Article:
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Best Xbox 360 games of all time

20. Gears of War 2

Gears of War 2 was a bigger, better, and all around gorier package than its predecessor, which resulted in a game that was a blast to play with friends cooperatively or even alone. While Gears of War 3 made significant improvements to the multiplayer modes, Gears 2 holds a special place in our hearts because it was our first introduction to horde mode. Everyone always remembers their first time.

Even the story was more powerful in the sequel, shifting the focus to Dominic Santiago, who searches desperately for his wife Maria. When they are finally reunited, the subsequent scene left us stunned, and even made a few of us cry. For a game that centers itself around big, tough, beefy men, it was definitely something we werent expecting, and will likely never forget.

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19. FIFA 12

FIFA has been through so many iterations, youd expect the formula to be perfect by now. Well, it isn't. FIFA 13 tinkered too much with the tried-and-tested, which actually took it back a step. Which means the best FIFA on Xbox 360 is FIFA 12. And seeing as PES has failed to match its rival for pretty much the entire generation, that means its the best football game on the system.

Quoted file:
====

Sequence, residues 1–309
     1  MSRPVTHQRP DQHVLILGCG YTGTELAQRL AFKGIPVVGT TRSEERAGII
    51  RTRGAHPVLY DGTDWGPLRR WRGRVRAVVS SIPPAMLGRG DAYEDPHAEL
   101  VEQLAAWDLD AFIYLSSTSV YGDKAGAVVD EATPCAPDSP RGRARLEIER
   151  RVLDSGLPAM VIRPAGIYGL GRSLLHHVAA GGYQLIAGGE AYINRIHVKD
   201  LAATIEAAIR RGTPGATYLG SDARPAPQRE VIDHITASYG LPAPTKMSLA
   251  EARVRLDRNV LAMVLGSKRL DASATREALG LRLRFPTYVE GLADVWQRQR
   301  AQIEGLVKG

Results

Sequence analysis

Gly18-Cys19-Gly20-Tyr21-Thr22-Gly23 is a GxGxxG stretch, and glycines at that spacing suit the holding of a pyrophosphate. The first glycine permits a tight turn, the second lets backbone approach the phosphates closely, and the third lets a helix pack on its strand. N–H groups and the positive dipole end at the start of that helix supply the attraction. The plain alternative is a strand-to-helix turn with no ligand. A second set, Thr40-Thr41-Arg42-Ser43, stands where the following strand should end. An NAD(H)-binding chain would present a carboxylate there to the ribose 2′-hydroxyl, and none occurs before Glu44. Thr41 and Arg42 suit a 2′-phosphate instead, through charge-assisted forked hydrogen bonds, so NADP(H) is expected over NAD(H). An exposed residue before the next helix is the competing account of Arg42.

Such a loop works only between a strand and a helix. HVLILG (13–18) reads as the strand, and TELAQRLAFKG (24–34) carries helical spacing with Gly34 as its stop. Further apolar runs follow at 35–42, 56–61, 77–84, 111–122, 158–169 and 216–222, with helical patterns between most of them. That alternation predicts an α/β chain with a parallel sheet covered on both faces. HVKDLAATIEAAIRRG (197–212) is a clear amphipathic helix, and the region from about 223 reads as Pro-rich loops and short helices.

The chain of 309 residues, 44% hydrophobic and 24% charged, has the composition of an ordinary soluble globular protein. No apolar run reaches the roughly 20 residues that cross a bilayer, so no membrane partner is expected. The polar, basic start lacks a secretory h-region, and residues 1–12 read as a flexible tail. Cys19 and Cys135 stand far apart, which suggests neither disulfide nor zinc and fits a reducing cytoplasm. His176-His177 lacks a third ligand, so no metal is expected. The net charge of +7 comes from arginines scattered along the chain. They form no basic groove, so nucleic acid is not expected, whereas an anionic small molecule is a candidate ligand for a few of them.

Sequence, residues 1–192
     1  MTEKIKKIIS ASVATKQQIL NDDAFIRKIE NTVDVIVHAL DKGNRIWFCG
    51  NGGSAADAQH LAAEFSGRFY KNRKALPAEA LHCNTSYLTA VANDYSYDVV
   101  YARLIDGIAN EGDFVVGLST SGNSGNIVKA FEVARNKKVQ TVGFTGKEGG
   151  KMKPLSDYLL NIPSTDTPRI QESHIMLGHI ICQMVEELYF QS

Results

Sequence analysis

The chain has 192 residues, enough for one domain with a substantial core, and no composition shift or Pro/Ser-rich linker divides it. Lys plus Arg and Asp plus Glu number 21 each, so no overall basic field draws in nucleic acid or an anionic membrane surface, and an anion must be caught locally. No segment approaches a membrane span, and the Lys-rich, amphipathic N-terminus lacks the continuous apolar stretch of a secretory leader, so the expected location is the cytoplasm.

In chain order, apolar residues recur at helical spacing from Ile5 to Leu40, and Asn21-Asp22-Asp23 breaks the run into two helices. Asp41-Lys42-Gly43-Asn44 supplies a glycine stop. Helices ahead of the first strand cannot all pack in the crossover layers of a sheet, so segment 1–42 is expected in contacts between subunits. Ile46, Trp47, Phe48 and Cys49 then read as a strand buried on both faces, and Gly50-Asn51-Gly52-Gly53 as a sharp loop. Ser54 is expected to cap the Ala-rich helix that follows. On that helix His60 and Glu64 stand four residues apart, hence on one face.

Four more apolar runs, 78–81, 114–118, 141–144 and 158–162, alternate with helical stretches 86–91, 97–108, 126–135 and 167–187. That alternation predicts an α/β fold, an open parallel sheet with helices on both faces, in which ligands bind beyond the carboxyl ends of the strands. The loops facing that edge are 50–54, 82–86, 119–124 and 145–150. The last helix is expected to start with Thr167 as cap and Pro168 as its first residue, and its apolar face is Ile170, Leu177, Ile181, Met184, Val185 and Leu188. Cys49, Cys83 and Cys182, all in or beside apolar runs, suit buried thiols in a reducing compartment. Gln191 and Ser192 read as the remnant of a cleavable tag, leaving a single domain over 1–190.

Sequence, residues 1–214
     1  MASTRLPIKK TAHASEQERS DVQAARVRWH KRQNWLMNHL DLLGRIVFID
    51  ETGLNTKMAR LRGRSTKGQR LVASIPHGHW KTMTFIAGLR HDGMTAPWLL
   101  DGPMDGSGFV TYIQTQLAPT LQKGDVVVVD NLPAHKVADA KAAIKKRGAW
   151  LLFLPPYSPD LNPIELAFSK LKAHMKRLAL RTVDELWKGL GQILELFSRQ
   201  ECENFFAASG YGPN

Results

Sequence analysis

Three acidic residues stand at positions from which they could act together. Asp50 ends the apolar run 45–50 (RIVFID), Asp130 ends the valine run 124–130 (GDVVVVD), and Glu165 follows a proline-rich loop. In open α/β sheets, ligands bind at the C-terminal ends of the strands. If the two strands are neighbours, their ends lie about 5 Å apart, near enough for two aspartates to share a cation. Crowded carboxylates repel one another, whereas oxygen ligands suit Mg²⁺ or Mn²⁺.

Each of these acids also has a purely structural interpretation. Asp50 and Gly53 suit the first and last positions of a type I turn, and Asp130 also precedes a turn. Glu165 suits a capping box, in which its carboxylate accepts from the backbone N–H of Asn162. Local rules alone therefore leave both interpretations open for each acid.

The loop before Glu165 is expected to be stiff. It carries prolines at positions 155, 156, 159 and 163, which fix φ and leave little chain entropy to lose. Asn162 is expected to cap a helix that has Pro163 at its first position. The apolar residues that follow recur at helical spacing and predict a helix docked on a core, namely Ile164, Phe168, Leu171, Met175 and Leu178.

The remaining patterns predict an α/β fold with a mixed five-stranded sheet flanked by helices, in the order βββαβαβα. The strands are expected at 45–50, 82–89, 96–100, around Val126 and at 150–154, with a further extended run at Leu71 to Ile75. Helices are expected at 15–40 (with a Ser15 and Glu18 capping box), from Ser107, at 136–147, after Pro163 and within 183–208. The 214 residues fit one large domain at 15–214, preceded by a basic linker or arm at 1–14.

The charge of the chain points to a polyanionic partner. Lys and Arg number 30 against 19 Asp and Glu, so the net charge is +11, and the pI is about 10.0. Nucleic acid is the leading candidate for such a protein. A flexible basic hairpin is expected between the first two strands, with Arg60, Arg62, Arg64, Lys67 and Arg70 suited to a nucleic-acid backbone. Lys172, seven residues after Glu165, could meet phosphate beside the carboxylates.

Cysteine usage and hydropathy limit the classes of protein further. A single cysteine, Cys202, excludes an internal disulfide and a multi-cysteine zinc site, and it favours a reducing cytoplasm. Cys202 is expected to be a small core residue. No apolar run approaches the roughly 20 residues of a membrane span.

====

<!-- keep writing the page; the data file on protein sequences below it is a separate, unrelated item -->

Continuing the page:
What makes it so great? The officially-licensed teams, recognisable player likenesses, realistic stadia full of spectators, superb ball physics, move lists, skill commands and a brilliant online mode. Its fast, flowing, organic its simply an incredible package. And one that sounds almost like real-life thanks to the amazing commentary. 

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18. The Witcher 2: Assassins of Kings

Geralt of Rivia isn't a guy you want to mess with. First of all, he is a genetically altered super mutant who has the skills of a master swordsman, has command over arcane powers, and takes down the most dangerous mythical beasts single-handedly. In The Witcher 2, Geralt continues his quest to find answers from his mysterious past - because one day he rose from the dead with amnesia.